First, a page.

Tyros Improving at a Rapid Rate, Softball Coach Says

Lou Reale showed clinic-takers how it’s done, using one of his inventions, a batting T set up for pitches over the middle and over the outside and inside corners of the plate. Jack Graves

    When spring practice first began at the beginning of this month, Lou Reale’s response on being asked how East Hampton High School’s softball team looked was to roll his eyes.
    He’s not rolling them anymore.
    Asked during a well-attended hitting and fielding clinic for third-through-eighth graders and their coaches Sunday morning how the varsity’s recent scrimmages with Hampton Bays and Center Moriches went, the coach said, brightening, “We did great! We’ve got a lot of young kids, but they’ve improved more over the first two weeks than any other group I’ve ever had. I don’t want to jinx them, but they’ve been unbelievable. We practiced for 3 hours and 40 minutes yesterday and nobody complained.”
    Casey Waleko, an all-state pitcher as an eighth grader, who has recovered from the wrist problem that bothered her last season, and Sam Mathews shared the mound in the scrimmages, and each, said Reale, threw well. The team hit well too, he said.
    If they’ve paid any attention to his instruction, that’s no surprise, for Reale, as he demonstrated Sunday in what could justly be called an hourlong master class for coaches on the subject, went through a number of drills, using various hitting aids, some oddly formed — and some, like a notched bleacher seat to test balance, of his own invention — designed to produce the perfect softball swing.
    Number one, he told the coaches, the hitting T should be placed about a foot in front of home plate, in “the hitting zone,” not on the plate, as is commonly done. “Home plate is not in the hitting zone,” Reale said.
    The “door-knocking knuckles should be aligned” when holding the bat, and its knob should face the ball. The feet should be shoulder-width apart, the lower elbow in the slot, and the legs slightly bowed (“I would have had no problem with that before my knee-replacement operation!”). The back shoulder should not be raised, but ought to point down.
    In coming through, the hips rotate down to give power, and the hands should be up, with one on top of the other, and should stay inside the ball and above it. Your weight’s going forward. Bat speed is generated from the hips down. . . . The lighter the bat the better for building muscles and bat speed. The follow-through is high.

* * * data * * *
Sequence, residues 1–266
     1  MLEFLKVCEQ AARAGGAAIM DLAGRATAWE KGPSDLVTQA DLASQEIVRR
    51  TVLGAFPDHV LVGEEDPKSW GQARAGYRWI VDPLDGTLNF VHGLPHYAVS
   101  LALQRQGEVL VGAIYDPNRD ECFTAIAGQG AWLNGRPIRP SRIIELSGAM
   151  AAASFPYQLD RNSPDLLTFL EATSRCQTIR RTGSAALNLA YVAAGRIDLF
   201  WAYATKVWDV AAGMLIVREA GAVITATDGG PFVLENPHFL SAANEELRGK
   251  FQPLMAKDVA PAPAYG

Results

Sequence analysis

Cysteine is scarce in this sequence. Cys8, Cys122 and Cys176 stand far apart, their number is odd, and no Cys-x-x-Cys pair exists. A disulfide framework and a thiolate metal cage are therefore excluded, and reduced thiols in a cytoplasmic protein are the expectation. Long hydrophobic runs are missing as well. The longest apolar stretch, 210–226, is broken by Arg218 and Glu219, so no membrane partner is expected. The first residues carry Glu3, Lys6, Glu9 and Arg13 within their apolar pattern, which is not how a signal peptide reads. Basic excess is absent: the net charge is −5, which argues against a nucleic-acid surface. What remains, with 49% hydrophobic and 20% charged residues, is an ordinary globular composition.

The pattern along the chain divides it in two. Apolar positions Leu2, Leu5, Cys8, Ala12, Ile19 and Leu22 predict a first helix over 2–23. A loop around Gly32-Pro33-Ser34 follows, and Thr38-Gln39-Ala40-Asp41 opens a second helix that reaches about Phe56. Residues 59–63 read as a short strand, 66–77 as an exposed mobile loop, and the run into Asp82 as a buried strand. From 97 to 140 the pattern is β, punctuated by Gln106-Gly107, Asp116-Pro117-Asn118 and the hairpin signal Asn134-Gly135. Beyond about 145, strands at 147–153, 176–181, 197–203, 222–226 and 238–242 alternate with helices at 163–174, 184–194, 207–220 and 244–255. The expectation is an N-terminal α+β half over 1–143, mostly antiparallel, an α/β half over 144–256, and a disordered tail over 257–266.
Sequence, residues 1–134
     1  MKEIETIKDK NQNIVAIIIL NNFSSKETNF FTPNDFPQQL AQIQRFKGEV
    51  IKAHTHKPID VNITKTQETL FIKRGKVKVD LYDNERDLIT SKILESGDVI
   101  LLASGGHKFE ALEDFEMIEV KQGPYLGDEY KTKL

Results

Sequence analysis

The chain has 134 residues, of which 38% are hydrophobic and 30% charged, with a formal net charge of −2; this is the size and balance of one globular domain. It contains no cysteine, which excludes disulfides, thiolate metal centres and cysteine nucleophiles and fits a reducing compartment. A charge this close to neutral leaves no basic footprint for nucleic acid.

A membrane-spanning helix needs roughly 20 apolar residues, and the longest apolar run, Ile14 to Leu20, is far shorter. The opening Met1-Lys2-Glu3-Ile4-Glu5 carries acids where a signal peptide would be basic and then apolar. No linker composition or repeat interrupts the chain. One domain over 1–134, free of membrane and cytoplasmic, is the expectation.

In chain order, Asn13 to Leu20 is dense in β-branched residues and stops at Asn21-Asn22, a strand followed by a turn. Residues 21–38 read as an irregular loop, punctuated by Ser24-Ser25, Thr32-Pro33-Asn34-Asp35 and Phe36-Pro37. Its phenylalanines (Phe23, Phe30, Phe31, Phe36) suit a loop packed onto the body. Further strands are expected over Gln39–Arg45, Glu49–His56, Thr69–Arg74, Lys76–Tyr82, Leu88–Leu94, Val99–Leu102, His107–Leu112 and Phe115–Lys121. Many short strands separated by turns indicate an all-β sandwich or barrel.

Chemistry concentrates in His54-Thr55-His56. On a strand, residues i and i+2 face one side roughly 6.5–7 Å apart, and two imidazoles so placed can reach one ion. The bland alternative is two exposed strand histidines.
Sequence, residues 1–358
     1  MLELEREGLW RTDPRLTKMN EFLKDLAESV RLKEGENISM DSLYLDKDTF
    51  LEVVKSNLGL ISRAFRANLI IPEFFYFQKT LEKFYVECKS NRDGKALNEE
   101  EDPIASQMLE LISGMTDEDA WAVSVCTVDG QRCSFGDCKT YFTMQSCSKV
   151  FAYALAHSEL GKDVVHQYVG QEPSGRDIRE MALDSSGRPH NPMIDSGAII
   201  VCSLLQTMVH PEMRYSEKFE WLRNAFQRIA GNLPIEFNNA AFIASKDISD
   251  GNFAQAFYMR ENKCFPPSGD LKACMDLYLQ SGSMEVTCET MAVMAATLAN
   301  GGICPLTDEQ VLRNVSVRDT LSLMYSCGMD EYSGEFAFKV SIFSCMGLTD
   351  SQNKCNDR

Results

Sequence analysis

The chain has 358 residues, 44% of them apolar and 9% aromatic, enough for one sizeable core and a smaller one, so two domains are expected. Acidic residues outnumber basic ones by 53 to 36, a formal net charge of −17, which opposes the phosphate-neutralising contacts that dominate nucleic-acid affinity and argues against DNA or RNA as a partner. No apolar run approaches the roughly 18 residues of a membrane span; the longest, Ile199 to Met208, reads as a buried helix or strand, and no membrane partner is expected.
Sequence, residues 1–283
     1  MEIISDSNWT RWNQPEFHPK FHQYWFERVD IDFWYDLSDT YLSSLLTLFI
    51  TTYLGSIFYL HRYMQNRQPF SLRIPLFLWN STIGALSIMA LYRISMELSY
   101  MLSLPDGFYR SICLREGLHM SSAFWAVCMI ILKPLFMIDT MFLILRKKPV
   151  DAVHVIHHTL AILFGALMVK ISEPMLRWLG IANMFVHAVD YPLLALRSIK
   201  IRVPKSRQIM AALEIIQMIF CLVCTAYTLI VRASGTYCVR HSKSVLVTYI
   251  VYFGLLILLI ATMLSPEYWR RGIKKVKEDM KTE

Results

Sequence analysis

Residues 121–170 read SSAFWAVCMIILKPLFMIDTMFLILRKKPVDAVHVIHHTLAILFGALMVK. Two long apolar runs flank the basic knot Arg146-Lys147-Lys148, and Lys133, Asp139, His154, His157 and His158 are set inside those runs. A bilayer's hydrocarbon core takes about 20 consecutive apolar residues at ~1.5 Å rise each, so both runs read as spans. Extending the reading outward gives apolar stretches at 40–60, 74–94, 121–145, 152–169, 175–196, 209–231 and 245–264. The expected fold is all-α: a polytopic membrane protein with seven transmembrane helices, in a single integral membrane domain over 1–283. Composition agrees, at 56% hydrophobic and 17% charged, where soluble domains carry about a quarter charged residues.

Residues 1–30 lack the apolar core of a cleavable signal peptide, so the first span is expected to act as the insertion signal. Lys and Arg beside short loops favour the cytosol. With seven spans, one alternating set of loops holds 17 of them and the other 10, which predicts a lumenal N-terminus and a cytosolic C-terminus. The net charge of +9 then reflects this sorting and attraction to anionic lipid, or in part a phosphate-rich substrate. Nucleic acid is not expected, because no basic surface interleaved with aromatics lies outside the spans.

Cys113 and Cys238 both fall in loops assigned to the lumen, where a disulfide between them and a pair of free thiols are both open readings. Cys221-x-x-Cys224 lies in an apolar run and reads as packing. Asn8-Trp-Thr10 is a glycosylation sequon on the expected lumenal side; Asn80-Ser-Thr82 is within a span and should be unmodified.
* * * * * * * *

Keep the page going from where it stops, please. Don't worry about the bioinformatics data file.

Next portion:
“The baseball swing is different,” Reale said during a brief conversation afterward. “There’s a slight uppercut, but in softball you want your swing to be level with the ball and you want to keep it in the hitting zone as long as possible. If you swing with an uppercut in softball, you won’t be able to hit the riser, you’ll be in and out of the zone too quick.”
    After his detailed talk on hitting, Reale joined his assistant, Erin Abran, and the varsity players, in overseeing the younger clinic-takers’ fielding drills. Outfielders, he said, ought to put two fingers in the pinky hole in order to more easily close their gloves, while infielders should have a finger in each hole to spread their hands out more.
    Outfielders were told to keep their heads steady and to run quietly when chasing fly balls, and to bend down on a knee and spread themselves out, thus creating a larger target, when fielding grounders. When charging a ball, they were told to field it on the inside of their glove-side foot and to follow through toward their target, holding the ball across the seams.
    Snap turns of the neck, which were to be executed smartly, alternately looking left and right as they tracked a ball blown by the wind while running backward, proved to be a problem for most. But there are more Sunday morning clinics to come, the next on April 1, and then, following the varsity’s spring training trip to Disney World, on April 22.
    Getting back to the team, Reale said Ilsa Brzezinski, a sophomore who was the junior varsity’s catcher last year, is on first; Ceire Kenny, a sophomore who pinch-ran last season, is on second; Ali Harned, a freshman who pitched for the Montauk School last spring, is the shortstop; Deryn Hahn, a senior, is back at third, and Kathryn Hess, a senior all-state catcher, is behind the plate.
    Dana Dragone, a senior, is in left field, backed up by Shannen McCaffrey, a sophomore up from the jayvee; Eli Cassel, a sophomore, also up from the jayvee, is in right, and Courtney Dess, a senior, with McCaffrey and Lia Makrianes, a freshman, as backups, is in center. Cecelia Fioriello, a sophomore who caught for the jayvee last spring, is Hess’s backup.
    And Waleko and Mathews, as aforesaid, are the pitchers, though Waleko is expected to do most of it. “We’ll get Sam into the lineup though — she’s too good a hitter,” said Reale. “Either DH-ing or at first base. In fact, because we don’t have that many players, we’re going to try to give everybody a chance at playing different positions.”